Weak Uniqueness: The Only Difference Between Definites and Indefinites

Elizabeth Coppock, David Beaver


We argue that predicative the is an identity function that is defined for predicates that satisfy weak uniqueness: if there is an F, then there is only one. Predicative definites do not presuppose existence, as evidenced by anti-uniqueness effects, for example the fact that ‘Scott is not the only author of Waverley’ implies that there is more than one author of Waverley. Separating the uniqueness and existence components of definites brings definites and indefinites closer together: The definite and indefinite articles are both argued to be identity functions on predicates, differing only in that the latter lacks the weak uniqueness presupposition. Furthermore, the meaning of argumental definites and indefinites can be derived from the predicative meanings using the same general mechanisms that introduce existence. Existence is generally at-issue with argumental indefinites and presupposed with argumental definites. However, we observe that anti-uniqueness effects arise with argumental definites as well, under conditions described in our ‘Dependence Generalization’. We take this to show that existence can be at-issue with argumental definites, and we derive the Dependence Generalization in terms of relevance to the question under discussion.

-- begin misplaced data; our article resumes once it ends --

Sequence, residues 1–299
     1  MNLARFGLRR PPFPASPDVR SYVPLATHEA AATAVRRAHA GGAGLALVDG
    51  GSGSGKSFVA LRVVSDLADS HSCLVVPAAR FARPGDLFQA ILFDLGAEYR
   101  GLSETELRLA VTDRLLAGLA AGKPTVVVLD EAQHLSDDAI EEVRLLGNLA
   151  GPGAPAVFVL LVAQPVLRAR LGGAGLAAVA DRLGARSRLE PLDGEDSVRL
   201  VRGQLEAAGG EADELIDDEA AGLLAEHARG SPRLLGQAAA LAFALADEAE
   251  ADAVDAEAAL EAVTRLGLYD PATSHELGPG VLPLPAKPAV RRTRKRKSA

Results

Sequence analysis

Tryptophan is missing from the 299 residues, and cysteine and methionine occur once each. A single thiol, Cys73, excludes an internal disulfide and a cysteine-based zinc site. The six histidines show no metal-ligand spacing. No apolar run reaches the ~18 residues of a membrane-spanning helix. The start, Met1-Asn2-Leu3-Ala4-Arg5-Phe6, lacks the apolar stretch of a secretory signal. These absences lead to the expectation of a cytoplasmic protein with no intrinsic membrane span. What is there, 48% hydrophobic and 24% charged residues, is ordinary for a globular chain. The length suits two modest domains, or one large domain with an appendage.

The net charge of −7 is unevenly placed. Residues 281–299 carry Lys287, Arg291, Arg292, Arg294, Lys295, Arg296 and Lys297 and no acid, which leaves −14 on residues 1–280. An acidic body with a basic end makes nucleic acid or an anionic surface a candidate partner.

definiteness, existence, uniqueness, presupposition, exclusives, relevance

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DOI: https://doi.org/10.3765/salt.v22i0.2651

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